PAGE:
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Dyspnea and Biomarkers in a Prehospital Setting

The safety and scientific validity of this study is the responsibility of the study sponsor and investigators. Listing a study does not mean it has been evaluated by the U.S. Federal Government. Read our disclaimer for details. Identifier: NCT00878475
Recruitment Status : Completed
First Posted : April 9, 2009
Last Update Posted : April 9, 2009
Information provided by:
Health Care Center Maribor

Brief Summary:

In patients presenting with acute dyspnea in a pre-hospital setting, the early and correct diagnosis may present a significant clinical challenge. Physical examination, chest radiography, electrocardiography, and standard biological tests often fail to accurately differentiate heart failure (HF) from pulmonary causes of dyspnea. Timely differentiation of HF from other causes of dyspnea may permit the early institution of appropriate medical therapy. Brain natriuretic peptide (BNP) and amino-terminal pro-brain natriuretic peptide (NT-proBNP) have been proposed as early markers of HF and demonstrated to be useful for diagnosing and excluding HF in the emergency department. A combination of BNP or NT-proBNP testing and standard clinical assessment has been suggested to be superior to either tool used in isolation. Some previous studies have also suggested that quantitative capnometry (QC) may be useful in differentiating between cardiac and obstructive causes of respiratory distress. Therefore, the investigators hypothesized that a new combination of NT-proBNP testing, standard clinical assessment, and partial pressure of end-tidal CO2 (PetCO2) would optimize evaluation and differentiation of acute dyspnea in a pre-hospital setting.

The aim of this study was to determine the accuracy of combination of QC, NT-proBNP, and clinical assessment in differentiating acute HF from obstructive pulmonary disease (COPD/asthma) as a cause of acute dyspnea in pre-hospital emergency setting.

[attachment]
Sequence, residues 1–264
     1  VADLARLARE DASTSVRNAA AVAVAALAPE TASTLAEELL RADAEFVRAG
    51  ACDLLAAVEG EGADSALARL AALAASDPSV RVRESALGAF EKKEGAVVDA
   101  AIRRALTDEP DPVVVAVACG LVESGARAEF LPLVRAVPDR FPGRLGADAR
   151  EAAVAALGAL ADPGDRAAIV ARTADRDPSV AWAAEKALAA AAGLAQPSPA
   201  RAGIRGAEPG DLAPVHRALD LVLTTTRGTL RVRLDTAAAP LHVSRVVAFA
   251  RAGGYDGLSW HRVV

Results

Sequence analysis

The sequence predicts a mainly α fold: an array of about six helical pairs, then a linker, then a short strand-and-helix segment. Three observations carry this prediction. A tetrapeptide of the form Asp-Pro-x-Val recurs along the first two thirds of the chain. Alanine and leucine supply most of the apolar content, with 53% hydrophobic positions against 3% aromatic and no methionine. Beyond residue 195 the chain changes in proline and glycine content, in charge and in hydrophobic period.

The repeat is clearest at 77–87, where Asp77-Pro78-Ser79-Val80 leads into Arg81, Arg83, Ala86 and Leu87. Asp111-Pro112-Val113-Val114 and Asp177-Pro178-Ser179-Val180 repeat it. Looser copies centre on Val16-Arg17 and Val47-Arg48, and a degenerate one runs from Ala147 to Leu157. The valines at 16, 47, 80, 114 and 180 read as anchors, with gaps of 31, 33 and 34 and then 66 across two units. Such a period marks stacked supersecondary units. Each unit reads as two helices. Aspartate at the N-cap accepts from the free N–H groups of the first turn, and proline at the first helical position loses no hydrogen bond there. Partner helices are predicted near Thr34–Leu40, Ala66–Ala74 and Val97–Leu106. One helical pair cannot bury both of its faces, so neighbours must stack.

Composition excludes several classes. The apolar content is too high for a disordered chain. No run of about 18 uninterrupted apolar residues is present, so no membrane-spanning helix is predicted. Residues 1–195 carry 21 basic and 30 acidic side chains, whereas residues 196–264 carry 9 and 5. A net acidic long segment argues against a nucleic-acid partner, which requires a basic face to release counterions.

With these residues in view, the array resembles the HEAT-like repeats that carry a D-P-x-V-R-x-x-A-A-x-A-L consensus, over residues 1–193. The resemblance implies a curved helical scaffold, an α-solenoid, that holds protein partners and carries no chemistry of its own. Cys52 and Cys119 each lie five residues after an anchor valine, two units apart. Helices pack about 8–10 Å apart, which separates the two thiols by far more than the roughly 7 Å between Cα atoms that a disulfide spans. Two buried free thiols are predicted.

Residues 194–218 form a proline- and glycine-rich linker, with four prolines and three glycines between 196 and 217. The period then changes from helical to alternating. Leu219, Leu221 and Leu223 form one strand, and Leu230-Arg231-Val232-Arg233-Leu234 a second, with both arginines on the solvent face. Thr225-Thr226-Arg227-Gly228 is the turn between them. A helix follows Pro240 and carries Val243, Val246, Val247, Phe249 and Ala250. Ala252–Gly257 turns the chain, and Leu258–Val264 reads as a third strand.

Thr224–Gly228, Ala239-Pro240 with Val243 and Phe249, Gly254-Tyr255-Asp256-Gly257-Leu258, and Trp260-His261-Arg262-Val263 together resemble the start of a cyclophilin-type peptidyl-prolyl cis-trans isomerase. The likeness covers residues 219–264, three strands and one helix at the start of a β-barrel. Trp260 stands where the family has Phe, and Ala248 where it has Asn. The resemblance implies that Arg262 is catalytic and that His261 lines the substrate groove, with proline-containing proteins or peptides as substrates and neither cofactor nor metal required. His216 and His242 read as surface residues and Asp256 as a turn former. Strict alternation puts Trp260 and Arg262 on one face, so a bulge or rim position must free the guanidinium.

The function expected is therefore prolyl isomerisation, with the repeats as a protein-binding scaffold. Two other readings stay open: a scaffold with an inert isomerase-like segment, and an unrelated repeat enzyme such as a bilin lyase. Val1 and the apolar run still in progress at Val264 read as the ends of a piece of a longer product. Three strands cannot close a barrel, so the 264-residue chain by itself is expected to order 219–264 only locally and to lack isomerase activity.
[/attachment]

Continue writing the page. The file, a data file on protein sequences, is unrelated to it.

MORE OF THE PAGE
Condition or disease
Dyspnea Heart Failure Asthma COPD

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Study Type : Observational
Actual Enrollment : 546 participants
Observational Model: Cohort
Time Perspective: Prospective
Official Title: Quantitative Capnometry and Nt-proBNP in Differentiating of Acute Dyspnea in Pre-Hospital Emergency Setting
Study Start Date : January 2005
Actual Primary Completion Date : June 2007
Actual Study Completion Date : June 2007

Resource links provided by the National Library of Medicine

Group with obstructive causes of dyspnea
Criteria for clinical assessment of severe asthma (diffuse polyphonic bilateral and particular expiratory wheezes, chest tightness, shortness of breath, using accessory muscles of breathing, signs of hyperinflation, atopic condition, personal or family history of asthma, tachypnea, previous asthma and asthma medications, and the value of modified Boston criteria for HF ≤ 5) and criteria for chronic obstructive pulmonary disease (COPD) exacerbation (history of COPD, COPD medications, cough, worsening dyspnea, increased sputum production and volume, increased sputum purulence, rhonchi and rales, modified Boston criteria for HF ≤ 5)
Heart failure group